Most of the other six compositions are in the same vein: beautiful shifting climates with typical flamenco elements like palmas (handclapping), rasgueado (quick downward strikes across all strings) and picados (quick runs on the guitar with two fingers), along with tasteful keyboards (organ, synthesizers, Mellotron, and piano) and fine electric guitar play. The final two tracks are splendid compositions. Beautiful interplay between the flamenco and electric guitar, and a bombastic finale with rasgueado, organ, and electric guitar in En el lago, and powerful drums and a howling and biting electric guitar in Recuerdos de una noche.

I consider El patio as Triana's best and most compelling effort. But know that their second album, Hijos del agobio from 1977, and third album, Sombra y luz from 1979, are in the vein of El patio and worth checking out as well.

Unfortunately, from their fourth release Encuentros (1981), the prog-rock elements had almost disappeared and Triana's sound became a bit too polished and predictable. They still sold millions with this pop-rock-flamenco formula in the eighties, though! In 1983, singer/keyboard player Jesus de la Rosa died in a car-accident and soon Triana called it a day. But the fans kept on buying Triana albums, and the many compilations that were released sold very well. Without any doubt, Triana is the most popular Spanish band ever.

(1975) (1977) (1979)

One of the most interesting Triana compilations is Se de un lugar, released in a double fold-out digi-pack version. It contains two discs with twenty-four tracks, many from their best three albums. And for the first time: a DVD. That DVD is a 55-minute documentary with footage from several TV music programs between 1974 and 1981, like Mundo Pop, Ahora, Popgrama (beautiful scene in a Moorish palace), and Aplauso. Most of the thirteen songs are interrupted by commentary from the band members, people who worked with Triana, and people who have been influenced by Triana, like a musician from Ketama, the known "new flamenco movement".

This DVD (thirteen songs, most are long excerpts) gives a good impression of the innovative and exciting sound of Triana: propulsive flamenco solo and rhythm guitar, howling electric guitar (great double-neck guitar), warm string-ensemble, distinctive Fender Rhodes piano, slow Moog synthesizer runs, lots of Banks-like organ play, and great Andalusian vocals (expressive and a bit wailing).

Some songs from the later period sound a bit polished (like Corre), but in general, this DVD shows a stunning and very talented band that delivers music that has a perfect balance between the emotions and skills performed within electric and acoustic music. If you are up to discovering the wonderful world of flamenco, then this historical document is a splendid Christmas gift. Feliz Navidad y un prospero ano nuevo para todos los aficionados de Triana, el grupo numero uno!


Vega is the band by guitar player Tomás Vega, who made two albums that are interesting for Prog Andaluz aficionados.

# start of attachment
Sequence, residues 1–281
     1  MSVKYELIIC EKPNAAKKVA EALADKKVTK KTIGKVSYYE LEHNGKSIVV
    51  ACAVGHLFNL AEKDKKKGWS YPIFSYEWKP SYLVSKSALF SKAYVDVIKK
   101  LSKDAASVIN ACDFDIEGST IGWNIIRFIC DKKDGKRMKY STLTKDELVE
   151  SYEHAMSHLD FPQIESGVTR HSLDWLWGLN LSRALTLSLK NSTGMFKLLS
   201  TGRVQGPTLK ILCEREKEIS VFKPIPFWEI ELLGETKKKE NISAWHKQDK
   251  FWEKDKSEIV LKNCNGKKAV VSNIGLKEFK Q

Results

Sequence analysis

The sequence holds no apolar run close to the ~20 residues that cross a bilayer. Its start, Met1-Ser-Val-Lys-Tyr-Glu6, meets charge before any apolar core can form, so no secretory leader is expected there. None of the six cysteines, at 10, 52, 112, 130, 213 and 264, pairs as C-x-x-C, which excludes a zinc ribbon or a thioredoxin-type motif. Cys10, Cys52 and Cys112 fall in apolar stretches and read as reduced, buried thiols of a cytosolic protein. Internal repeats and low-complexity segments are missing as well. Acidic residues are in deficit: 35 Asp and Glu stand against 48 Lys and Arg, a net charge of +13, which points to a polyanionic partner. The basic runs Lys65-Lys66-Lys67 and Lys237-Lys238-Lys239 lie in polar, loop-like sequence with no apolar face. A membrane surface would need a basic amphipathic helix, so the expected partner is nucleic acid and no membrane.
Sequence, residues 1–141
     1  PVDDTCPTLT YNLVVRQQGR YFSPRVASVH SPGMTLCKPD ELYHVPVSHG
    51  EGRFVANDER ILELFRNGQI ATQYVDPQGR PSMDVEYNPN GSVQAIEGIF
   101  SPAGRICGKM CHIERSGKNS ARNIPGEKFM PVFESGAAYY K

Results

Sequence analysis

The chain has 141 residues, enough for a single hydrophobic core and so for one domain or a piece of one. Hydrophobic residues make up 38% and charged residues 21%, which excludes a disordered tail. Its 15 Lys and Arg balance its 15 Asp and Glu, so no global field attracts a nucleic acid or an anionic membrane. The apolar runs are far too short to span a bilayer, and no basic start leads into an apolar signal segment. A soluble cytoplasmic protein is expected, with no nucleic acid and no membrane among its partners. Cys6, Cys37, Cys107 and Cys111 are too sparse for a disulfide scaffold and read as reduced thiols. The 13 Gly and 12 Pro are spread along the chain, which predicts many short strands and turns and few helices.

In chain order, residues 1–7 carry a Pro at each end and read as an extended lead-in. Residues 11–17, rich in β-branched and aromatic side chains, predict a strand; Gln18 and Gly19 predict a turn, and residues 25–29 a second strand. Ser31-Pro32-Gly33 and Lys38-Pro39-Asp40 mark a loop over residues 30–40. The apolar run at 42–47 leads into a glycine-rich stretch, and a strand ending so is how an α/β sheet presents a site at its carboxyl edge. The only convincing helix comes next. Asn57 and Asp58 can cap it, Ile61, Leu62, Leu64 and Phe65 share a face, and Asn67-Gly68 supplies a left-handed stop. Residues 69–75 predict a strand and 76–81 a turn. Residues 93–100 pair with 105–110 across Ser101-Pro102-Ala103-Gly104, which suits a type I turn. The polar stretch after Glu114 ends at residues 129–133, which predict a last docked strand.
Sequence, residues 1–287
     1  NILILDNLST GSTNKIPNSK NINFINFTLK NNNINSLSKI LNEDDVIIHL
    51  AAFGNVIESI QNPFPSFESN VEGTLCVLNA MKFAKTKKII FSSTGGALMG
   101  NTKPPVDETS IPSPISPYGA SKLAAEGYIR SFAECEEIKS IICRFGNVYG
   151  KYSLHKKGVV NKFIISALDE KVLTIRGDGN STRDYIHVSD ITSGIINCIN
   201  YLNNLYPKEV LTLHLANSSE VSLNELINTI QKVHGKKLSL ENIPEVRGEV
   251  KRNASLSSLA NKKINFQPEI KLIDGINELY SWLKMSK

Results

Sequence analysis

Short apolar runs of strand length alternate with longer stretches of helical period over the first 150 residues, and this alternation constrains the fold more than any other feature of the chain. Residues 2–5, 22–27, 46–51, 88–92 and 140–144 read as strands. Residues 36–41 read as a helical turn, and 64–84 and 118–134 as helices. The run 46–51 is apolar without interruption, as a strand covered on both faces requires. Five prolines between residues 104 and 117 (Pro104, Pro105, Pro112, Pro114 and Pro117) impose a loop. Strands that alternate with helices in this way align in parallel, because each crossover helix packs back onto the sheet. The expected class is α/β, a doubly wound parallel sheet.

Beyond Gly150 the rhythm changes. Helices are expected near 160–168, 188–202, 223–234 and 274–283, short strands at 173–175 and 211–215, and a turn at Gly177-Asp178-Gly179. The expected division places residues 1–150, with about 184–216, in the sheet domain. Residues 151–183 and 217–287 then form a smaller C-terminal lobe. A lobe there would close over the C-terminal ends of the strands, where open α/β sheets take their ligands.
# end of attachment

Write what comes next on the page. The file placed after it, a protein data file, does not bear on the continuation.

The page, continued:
On his debut LP entitled Andaluza (1978), Vega delivers a pleasant progressive blend of several styles, with omnipresent flamenco guitar work, performing sensitively and with exciting duels with a fiery electric guitar. The atmosphere changes from dreamy, with tender piano or romantic strings, to swinging rhythms with powerful and flowing electric guitar (evoking Triana, Mezquita, and Iceberg), and an adventurous rhythm-section.

One of the highlights is the track Zona Rosa. The first and final parts sound romantic, with warm flamenco guitar and tender acoustic piano runs. In between is swinging rhythm guitar and splendid flamenco guitar work, with great electric guitar overdubs, propulsive conga percussion, and a dynamic rhythm-section. Another highlight is is Origen. This song delivers the most obvious Moorish atmosphere: a mid-tempo with an adventurous rhythm-section, exciting flamenco guitar and fiery electric guitar. And my third highlight is Lamentos. This final song delivers great interplay, sensational electric guitar overdubs. It alternates between mellow with romantic piano and sensitive flamenco guitar and swinging with fiery electric guitar and Moorish undertones.

(1978) (1979)

On his second album, Jara from 1979, the sound is different, more dynamic and varied with a wider range of keyboards. Swinging rhythm with a strong duel between flamenco and electric guitar. Then the music becomes very dynamic and exciting with a great solo on piano, flamenco, and electric guitar, and even the Moog synthesizer. The climate sounds like a blend of flamenco and jazz-rock. Swinging rhythms featuring splendid jazz/flamenco inspired acoustic guitar runs and sensational solos on jazzy layers of piano and Moog synthesizer in Monterubio. Then Hornada has an Andalusian atmosphere, again with lots of great solos on piano, synthesizer, and fiery electric guitar, supported by conga. It sounds like a blend of Carlos Santana and Al Di Meola (Elegant Gypsy-era) at times. Splendid work from the rhythm-section, great electric guitar overdubs, and powerful work on the saxophone in Castuera. Excellent work!

Two essential Prog Andaluz albums by guitar player Vega who often sounds like a deadringer of Paco De Lucia.

In 1981, the band released a third album called Sol de oscuridad, which apparently went into more jazz-rock territories. Tomás Vega's work as a composer and musician has been released between 1967 and 2007.